COEUR d'ALENE, Idaho (CN) - An Idaho man thought he would split a $180 Lottery win with his girlfriend - but it was just the beginning of his problems, he claims in court.
Jonathon Aune says he and his girlfriend were living in Northern Idaho when one of two tickets they bought "with their communal funds" hit the Jan. 4, 2011 $380 million "Mega Millions" jackpot, the second-largest in history at the time. They split the jackpot with another winner from Washington state, bringing Aune and his soon-to-be ex a $180 million payday.
As is always the case with Lottery winners, Aune and his girlfriend's names made the newspapers and TV. Aune does not mention her name in the Oct. 6 lawsuit in Kootenai County Court, nor is she a party to the complaint. Contemporary news reports identified her as Holly Lahti, and called her Aune's "estranged wife."
The NBC station KTVB reported in November 2013 that after the win, Lahti "seemed to disappear off the face of the earth." Lahti, now 33, "moved away from her estranged husband almost immediately," according to KTVB. She told the station she moved to an undisclosed town in California to escape the media attention, the barrage of "offers" from businesses, inmates and wannabe husbands, but primarily to give her two young daughters a chance to live a normal life.
Aune, apparently, was not so fortunate. He says his girlfriend "collected the funds and later claimed the winnings as her own." Aune sued her and eventually was awarded $11 million in mediation, he says in the complaint. It was the string of advisers and attorneys he met along the way that are the defendants in his lawsuit.
Aune claims lead defendant Robert Newell contacted him and immediately began pitching his financial management services.
"Newell continuously lobbied plaintiff to hire Newell to manage the lottery proceeds," according to the 28-page complaint. "Newell provided plaintiff with advice, support, money and work, and acted as a 'father figure' in his relationship with plaintiff."
But Aune claims Newell had a shady past.
"Defendant Newell had been censured by the National Association of Securities Dealers for his role in the Empire Securities, Inc. of Washington trading scandal," the complaint states. "Essentially, defendant Newell was found guilty of recommending improper investments to clients through his employment with Empire. Defendant was barred from holding a license with NASDAQ as a result of the censure in 1999."
With his ex-girlfriend gone with the money, Aune claims, Newell ramped up his efforts to get his hands on a chunk of the money, and enlisted the help of a Texas attorney, defendant Deborah Deitsch-Perez, who had deposed Newell as a defendant in a previous lawsuit.
"In August or September 2011, while on a boating trip with Newell on Hayden Lake, Idaho, plaintiff was taken to a home where defendant Perez was sitting on an outside deck," Aune says in the complaint. "Newell introduced plaintiff to Perez. Plaintiff did not have any advance notice of this meeting."
Aune says Perez offered her services on a contingent fee basis, and he signed contracts with her and Newell. Perez then hired another law firm to help her sue for a share of the winnings in Los Angeles Superior Court in November 2011, according to the complaint.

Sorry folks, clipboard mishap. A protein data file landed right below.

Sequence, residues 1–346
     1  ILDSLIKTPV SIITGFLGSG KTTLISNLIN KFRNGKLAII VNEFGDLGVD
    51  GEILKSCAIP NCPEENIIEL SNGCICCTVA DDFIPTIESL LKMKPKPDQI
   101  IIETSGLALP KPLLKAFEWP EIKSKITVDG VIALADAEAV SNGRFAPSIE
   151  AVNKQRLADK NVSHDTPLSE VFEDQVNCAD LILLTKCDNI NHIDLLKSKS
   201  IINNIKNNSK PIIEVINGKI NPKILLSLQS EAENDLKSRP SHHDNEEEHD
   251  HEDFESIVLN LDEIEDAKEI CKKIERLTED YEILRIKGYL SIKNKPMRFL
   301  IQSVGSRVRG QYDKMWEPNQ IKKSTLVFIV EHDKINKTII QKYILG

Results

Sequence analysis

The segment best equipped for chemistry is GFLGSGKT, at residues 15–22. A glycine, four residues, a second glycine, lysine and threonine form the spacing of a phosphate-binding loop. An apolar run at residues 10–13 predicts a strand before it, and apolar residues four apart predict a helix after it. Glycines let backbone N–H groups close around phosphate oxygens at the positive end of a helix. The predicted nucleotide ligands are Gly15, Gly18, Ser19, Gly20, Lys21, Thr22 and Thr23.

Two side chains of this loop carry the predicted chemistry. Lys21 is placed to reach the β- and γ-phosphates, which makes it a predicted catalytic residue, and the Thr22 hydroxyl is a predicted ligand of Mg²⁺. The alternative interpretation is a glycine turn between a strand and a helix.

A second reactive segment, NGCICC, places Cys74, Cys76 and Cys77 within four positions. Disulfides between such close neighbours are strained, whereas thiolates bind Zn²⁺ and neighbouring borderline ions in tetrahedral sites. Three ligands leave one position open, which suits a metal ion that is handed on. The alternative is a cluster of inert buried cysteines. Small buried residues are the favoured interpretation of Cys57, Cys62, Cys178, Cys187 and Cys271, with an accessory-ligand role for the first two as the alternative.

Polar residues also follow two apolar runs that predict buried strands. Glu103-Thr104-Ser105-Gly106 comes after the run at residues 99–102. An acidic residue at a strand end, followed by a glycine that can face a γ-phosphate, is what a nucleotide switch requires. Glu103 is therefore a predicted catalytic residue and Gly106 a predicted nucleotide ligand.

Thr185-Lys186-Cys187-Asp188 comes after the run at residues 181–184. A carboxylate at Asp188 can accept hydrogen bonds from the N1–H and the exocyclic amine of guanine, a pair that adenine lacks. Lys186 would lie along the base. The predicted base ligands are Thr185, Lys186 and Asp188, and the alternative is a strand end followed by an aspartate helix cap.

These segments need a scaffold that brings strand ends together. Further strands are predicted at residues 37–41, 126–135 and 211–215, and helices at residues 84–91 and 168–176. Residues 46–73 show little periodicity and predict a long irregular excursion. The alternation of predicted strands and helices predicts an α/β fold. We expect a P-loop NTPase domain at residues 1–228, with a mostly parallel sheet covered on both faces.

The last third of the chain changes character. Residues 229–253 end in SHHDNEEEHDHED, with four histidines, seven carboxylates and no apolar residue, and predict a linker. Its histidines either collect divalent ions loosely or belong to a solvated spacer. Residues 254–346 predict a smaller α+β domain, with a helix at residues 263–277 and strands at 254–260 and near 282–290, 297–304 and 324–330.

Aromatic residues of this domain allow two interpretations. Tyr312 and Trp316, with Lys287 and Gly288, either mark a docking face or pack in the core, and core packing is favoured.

After the $11 million settlement in March 2013, Aune says, Perez, Newell and others walked away with a big part of the money.
"The gross sum of $11 million was provided to defendant Perez and her firm [co-defendant] Lackey Hershman from the settlement of plaintiff's lawsuit," the complaint states. "From the $11 million, defendant Perez and her firm paid themselves $2,750,000 in fees and $595,149.40 in 'expenses' from plaintiff's proceeds."
Perez paid Newell $613,800, and $302,500 went to defendant Tyler Wilson, a first-year attorney working for Newell, Aune says in the complaint.
He claims Perez "incurred thousands of dollars of improper expenses, including luxury travel, meals and accommodations for all the lawyers involved," and that her payouts to Newell and Wilson constitute a "fee splitting arrangement" in violation of the Rules of Professional Conduct for attorneys.
Aune received $6,723,550.60 from Perez, but says Newell wasn't finished with him yet. He claims he was talked into "investing" $1.5 million in Newell's various business entities, and another $1 million in Trigg Financial, owned by Newell's friend and co-defendant Ralph Trigg.
Aune gave Newell another $250,000 as a "loan," according to the complaint.
Aune's attorney John Whelan, of Coeur d' Alene, did not return phone calls seeking comment.
Newell did not return a phone call.
Apparently, Aune and Newell had good relations for a while.
A May 2013 article in the Coeur d' Alene Press described them as new owners of the restored "Lady Lola," which once ferried passengers from the original 205-foot Lady Lola, while it was in harbor in places like Gibraltar and Galapagos.
"The tender's owners, Rob Newell of Black Hawk Capital Managers and Jon Aune of Whitehawk LLC, were thrilled with their purchase of the 28-foot, torpedo-style craft," the article states.
A local boat shop told the newspaper it cost $100,000 to refurbish the boat, which was to be decked in front of Newell's office to take clients around Lake Coeur d'Alene.
Here are the defendants: Robert L. Newell; Martha Newell; Black Hawk Capital Managers LLC; Trustee Opportunity Partners LP; Black Hawk Funding, Inc.; Nationwide Valuation Services, LLC; Ty B. Wilson; Wilson Law Group PLLC; Ralph M. Trigg; Jane Doe Trigg; Trigg Financial, Inc.; Chris C. Lake; Lackey Hershman LLP; Deborah Deitsch-Perez; John Doe Perez; and MartinelliMick PLLC.
Aune seeks at least $4 million for breach of contract, breach of fiduciary duty, professional malpractice, negligence, consumer law violations and securities fraud.
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